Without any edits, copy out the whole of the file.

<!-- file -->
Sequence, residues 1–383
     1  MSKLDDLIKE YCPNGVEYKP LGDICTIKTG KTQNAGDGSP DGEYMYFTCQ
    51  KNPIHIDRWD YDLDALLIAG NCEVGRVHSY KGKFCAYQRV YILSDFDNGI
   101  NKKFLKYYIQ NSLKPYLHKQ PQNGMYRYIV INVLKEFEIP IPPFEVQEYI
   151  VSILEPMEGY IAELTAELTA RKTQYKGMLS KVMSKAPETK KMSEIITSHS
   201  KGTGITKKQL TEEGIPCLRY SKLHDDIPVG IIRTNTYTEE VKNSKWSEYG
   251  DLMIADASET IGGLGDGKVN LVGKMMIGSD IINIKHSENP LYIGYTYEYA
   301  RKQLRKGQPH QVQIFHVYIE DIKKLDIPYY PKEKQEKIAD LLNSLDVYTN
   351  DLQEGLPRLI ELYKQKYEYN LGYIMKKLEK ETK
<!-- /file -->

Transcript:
Sequence, residues 1–383
     1  MSKLDDLIKE YCPNGVEYKP LGDICTIKTG KTQNAGDGSP DGEYMYFTCQ
    51  KNPIHIDRWD YDLDALLIAG NCEVGRVHSY KGKFCAYQRV YILSDFDNGI
   101  NKKFLKYYIQ NSLKPYLHKQ PQNGMYRYIV INVLKEFEIP IPPFEVQEYI
   151  VSILEPMEGY IAELTAELTA RKTQYKGMLS KVMSKAPETK KMSEIITSHS
   201  KGTGITKKQL TEEGIPCLRY SKLHDDIPVG IIRTNTYTEE VKNSKWSEYG
   251  DLMIADASET IGGLGDGKVN LVGKMMIGSD IINIKHSENP LYIGYTYEYA
   301  RKQLRKGQPH QVQIFHVYIE DIKKLDIPYY PKEKQEKIAD LLNSLDVYTN
   351  DLQEGLPRLI ELYKQKYEYN LGYIMKKLEK ETK